Update:  Krugman has a nice post on the issue here.

Hot cross buns … a lesson on pricing

Over on his blog, Bill Bennett has been discussing hot cross bun inflation over the last couple of hundred years – saying that it has averaged about 1.1%pa.

With the consumption of hot cross buns about to spike, I thought I would copy and paste my comments on hot cross bun pricing over here:

One thing I’d note though is that the increase in the price level more generally only really got kicking off during the last 50 or so years. As a result, if hot cross buns had just been generally following inflation overall, the 1.1%pa figure could be a bit misleading.

Another point when looking at hot cross buns – we need to ask what the price of these buns has done relative to all other goods and services. Over the past 200 and a bit years we have seen the relative price of inputs fall for hot cross buns, but we have also seen incomes rise – and given that hot cross buns are a “normal good” it is ambiguous whether hot cross bun inflation has exceeded inflation in goods and in prices.

A final point, a hot cross bun in 1798 would have tasted and felt different than a current hot cross bun – any changes in the quality of said bun should be taken into account.

These are all points to keep in mind when looking at changes in the price of any good or service.

Jedi vs economist

I have previously stated that economists are like Jedis.  However, I have recently realised the error of my ways – economists are obviously superior to Jedis.

In both disciplines you have a person trying to understand the nature of society and find what they can add.

Economists do the following:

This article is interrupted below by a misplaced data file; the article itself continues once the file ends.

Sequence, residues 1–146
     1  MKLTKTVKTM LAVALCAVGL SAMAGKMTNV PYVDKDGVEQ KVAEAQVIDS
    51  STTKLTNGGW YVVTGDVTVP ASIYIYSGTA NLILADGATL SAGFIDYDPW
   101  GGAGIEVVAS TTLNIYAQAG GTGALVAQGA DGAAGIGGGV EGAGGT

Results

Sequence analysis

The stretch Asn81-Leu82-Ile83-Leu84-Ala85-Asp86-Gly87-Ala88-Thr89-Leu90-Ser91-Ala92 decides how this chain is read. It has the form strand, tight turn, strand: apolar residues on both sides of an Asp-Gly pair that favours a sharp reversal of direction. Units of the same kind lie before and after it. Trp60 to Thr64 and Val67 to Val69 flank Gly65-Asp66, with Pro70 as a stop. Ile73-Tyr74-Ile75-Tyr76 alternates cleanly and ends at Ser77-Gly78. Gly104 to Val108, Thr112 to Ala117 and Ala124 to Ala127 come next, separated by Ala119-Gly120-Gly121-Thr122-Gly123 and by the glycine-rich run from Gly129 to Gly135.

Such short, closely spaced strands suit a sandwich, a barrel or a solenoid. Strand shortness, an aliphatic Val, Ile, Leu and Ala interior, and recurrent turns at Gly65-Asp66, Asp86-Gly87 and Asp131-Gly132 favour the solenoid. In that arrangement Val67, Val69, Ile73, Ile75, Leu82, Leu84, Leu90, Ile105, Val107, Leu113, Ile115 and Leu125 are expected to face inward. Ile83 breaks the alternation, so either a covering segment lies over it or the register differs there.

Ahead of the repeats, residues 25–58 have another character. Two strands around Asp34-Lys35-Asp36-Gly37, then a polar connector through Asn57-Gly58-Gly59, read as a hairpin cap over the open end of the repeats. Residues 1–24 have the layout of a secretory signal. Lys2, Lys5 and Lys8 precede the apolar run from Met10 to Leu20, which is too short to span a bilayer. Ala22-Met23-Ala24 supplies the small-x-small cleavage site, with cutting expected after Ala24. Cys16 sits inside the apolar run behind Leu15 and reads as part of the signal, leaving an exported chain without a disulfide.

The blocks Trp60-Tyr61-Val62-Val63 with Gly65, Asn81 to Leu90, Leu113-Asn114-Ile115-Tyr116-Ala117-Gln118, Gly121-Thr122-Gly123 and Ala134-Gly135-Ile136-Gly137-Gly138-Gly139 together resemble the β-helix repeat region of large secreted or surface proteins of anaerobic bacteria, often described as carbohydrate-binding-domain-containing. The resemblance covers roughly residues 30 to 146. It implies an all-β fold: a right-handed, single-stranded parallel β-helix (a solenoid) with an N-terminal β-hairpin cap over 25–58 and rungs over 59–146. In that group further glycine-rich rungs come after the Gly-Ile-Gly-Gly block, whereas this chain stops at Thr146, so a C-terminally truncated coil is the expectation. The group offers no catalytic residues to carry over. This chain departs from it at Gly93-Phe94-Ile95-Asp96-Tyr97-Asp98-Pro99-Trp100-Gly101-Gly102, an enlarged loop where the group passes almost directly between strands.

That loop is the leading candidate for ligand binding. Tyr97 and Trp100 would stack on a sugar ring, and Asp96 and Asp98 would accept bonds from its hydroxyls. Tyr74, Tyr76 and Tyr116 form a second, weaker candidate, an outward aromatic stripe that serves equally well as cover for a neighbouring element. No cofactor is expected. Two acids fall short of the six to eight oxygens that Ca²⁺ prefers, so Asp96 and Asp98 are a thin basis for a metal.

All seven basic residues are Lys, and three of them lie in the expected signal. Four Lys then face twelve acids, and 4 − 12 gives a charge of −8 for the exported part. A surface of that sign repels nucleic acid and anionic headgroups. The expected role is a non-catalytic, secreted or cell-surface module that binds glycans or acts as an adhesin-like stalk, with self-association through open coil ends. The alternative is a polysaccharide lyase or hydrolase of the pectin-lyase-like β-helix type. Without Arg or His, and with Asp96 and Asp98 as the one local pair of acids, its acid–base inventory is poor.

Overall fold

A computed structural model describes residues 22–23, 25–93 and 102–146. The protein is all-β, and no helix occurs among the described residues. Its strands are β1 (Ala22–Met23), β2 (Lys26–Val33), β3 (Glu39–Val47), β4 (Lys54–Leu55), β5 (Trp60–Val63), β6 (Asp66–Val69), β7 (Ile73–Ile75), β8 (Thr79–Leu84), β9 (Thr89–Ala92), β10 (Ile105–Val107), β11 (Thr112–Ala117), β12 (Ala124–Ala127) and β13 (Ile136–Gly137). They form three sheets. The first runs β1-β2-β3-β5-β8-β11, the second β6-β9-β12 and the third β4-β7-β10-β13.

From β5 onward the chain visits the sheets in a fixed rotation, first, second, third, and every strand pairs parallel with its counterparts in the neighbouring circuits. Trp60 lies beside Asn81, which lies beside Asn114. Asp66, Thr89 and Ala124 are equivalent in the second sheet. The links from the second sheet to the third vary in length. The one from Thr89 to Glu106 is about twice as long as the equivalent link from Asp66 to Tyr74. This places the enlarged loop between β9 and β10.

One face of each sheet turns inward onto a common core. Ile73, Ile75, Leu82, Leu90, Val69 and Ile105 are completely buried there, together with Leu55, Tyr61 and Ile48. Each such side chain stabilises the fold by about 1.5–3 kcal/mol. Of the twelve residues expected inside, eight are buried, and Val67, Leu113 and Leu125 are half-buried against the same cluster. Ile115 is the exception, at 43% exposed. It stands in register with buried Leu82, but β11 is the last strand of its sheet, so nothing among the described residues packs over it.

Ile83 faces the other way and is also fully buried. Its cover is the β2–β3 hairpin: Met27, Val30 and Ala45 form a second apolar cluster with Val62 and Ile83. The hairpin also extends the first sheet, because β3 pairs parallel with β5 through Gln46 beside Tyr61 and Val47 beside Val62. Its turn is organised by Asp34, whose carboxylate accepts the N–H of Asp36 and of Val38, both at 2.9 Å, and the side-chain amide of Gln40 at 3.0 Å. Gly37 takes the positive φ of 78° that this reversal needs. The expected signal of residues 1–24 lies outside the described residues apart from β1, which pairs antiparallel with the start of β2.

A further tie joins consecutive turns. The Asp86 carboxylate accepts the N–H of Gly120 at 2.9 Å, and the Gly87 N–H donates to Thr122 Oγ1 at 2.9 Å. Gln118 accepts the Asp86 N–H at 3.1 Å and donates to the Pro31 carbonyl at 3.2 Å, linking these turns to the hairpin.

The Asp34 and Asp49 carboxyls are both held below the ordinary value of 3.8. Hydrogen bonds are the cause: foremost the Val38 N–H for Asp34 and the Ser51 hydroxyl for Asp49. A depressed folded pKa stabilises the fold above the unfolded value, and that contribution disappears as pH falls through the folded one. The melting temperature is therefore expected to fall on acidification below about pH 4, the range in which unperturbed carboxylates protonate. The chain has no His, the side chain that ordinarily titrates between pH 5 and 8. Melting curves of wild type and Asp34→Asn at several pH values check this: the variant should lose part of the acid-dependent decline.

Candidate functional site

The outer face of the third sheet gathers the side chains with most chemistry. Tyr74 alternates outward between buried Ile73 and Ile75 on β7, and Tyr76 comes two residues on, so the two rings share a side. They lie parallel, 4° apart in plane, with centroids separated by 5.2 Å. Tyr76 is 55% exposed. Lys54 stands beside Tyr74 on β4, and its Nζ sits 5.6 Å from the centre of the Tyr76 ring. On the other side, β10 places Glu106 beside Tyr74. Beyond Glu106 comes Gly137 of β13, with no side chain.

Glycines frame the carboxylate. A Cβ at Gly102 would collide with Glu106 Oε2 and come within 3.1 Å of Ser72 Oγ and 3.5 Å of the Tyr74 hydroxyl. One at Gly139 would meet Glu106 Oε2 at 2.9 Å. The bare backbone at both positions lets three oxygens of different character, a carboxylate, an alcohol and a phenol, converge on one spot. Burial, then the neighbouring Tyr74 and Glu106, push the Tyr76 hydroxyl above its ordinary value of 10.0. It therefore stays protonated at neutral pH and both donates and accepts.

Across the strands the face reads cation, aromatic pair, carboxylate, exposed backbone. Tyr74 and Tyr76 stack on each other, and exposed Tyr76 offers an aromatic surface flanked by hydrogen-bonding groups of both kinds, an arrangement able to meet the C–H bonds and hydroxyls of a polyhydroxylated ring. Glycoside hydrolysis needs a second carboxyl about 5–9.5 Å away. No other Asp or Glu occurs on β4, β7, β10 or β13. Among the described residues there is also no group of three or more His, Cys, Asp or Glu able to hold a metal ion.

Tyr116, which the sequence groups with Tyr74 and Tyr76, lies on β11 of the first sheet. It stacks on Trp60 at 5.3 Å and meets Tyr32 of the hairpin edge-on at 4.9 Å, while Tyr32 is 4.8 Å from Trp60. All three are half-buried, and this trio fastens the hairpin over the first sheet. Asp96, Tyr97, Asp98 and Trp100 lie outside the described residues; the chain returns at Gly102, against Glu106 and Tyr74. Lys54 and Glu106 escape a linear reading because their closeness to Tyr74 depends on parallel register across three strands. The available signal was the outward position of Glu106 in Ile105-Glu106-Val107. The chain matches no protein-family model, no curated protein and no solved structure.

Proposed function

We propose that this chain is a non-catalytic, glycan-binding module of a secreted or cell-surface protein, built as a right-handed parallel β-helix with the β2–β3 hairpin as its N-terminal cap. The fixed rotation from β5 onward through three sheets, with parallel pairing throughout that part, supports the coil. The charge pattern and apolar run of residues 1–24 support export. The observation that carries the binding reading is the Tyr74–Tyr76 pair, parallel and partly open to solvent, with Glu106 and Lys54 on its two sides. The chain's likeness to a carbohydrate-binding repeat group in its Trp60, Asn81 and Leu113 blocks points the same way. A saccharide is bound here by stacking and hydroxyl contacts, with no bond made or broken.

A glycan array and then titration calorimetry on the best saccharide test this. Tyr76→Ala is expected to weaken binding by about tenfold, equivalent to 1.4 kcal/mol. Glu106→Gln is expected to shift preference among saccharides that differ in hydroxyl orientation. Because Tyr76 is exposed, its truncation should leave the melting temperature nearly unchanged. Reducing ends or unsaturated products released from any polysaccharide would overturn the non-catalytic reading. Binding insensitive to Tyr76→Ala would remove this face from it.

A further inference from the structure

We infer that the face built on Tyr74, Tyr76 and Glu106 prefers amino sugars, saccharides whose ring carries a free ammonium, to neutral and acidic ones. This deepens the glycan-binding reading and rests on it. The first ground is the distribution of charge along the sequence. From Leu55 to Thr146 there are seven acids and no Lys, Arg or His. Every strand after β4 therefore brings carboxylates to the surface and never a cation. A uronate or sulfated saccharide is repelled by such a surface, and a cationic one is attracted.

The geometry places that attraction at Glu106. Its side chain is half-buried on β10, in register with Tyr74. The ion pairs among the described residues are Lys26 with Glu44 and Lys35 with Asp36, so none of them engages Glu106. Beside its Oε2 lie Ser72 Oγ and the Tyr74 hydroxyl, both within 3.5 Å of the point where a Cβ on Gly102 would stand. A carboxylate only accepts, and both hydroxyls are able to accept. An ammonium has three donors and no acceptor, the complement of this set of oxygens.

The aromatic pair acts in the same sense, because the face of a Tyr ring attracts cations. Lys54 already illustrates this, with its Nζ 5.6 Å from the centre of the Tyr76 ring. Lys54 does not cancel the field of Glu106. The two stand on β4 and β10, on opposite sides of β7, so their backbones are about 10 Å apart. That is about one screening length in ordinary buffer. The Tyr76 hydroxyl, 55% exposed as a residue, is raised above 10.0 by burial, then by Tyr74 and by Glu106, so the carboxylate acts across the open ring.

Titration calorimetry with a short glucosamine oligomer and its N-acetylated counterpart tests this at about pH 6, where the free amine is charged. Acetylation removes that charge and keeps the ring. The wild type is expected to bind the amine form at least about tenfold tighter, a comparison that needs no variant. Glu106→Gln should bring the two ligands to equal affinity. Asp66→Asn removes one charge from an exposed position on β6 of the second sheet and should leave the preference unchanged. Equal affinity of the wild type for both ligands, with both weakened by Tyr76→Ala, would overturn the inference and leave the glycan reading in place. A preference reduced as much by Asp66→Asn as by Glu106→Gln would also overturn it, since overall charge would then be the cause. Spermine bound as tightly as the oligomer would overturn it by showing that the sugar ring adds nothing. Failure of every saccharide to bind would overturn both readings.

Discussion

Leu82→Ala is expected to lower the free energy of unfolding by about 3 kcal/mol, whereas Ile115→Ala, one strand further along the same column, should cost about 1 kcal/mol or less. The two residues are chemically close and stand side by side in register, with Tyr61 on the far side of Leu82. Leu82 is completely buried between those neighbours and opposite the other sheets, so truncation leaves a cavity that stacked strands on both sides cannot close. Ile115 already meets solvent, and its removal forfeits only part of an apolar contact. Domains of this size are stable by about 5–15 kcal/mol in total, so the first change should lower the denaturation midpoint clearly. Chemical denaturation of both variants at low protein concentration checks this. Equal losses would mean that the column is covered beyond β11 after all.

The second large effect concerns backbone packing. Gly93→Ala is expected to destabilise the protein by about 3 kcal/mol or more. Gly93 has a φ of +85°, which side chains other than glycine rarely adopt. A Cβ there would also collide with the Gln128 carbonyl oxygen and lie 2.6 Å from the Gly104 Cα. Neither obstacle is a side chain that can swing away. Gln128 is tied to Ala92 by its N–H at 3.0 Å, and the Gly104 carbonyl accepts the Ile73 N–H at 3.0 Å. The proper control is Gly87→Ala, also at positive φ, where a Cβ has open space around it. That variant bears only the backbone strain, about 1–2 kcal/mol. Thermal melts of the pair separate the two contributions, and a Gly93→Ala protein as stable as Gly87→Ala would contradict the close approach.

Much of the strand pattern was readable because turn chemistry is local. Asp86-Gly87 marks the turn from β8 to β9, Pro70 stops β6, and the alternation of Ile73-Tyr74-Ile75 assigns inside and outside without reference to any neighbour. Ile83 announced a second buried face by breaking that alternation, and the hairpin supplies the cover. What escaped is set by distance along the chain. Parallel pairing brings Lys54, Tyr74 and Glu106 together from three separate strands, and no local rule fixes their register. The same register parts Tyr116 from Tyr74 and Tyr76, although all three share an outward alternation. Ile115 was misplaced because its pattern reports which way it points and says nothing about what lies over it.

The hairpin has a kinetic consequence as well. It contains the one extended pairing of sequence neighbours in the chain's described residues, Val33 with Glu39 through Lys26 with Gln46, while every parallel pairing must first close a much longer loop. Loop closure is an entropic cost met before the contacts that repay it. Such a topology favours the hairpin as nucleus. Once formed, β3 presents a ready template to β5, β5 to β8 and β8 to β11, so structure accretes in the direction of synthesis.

• They stand back, look for tendancies, and try to come up with an objective framework for discussing the tendancies and trade-offs that exist.
  • They are trained from the age of 18, and are also allowed to interact normally with real people.
  • They recognise that they only have the ability to work out trade-offs, and often only express them in an “ordinal” manner – they avoid passing judgment and are careful about quantifying result due to this.

Jedi do the following:

  • They stand around and meditate waiting for “the force” (voices in their head) to tell them what the trade-offs are.
  • Following the Ruusan reformation they were trained from when they were children, and are allowed no equal interaction with non-Jedi.
  • They think they can determine what is fair and right – and as a result will impose this “truth” on other people.  To fix this they rely on what older Jedi’s have told them – these are the same people who also got trained as children, and a good number of them became Sith and tried to take over the galaxy anyway :/

Seriously, the Jedi are a bunch of spoiled kids who are endowed with awesome power – wouldn’t getting them to run society be the same as just telling well meaning businessmen who grew up in a wealthy family to run society (although the business man is likely to be more balanced – as he actually got the chance to grow up, and is unlikely to still treat society in the way an 8 year old would).  They may make some good choices, and they may do so with the best intentions – but both these groups are equivalent … even if many of the people who would rise up against the business man would welcome in the Jedi with open arms.

Papers on the old new financial crisis

Brad Delong links to a number of interesting papers regarding the US/global financial crisis of 2007-2009.  I recommend the optional ones.

I’m not sure I completely agree that the bailing out of Bear Stearns made matters worse – but it was an interesting perspective.

In any case, its a good idea to try and understand what happened then – in order to figure out whether the debt crisis in Europe will lead to similar global pain.

IMO when Greece does default, who holds the associated liabilities is widely know – as a result, my hope would be that nothing will really happen.  With nothing happening, the rest of the world will just move on.  The risk is that Greek default actually knocks out a big bank (it looks less likely now that it will knock out a sovereign government – although that remains the big fear in Europe).  Fluffing around in Europe has kept credit conditions tight for at least 18 months longer then they would have been, in the absense of European debt issues – it is starting to feel like some people will have to accept some loses before this crisis can end, and some semblance of global confidence can return.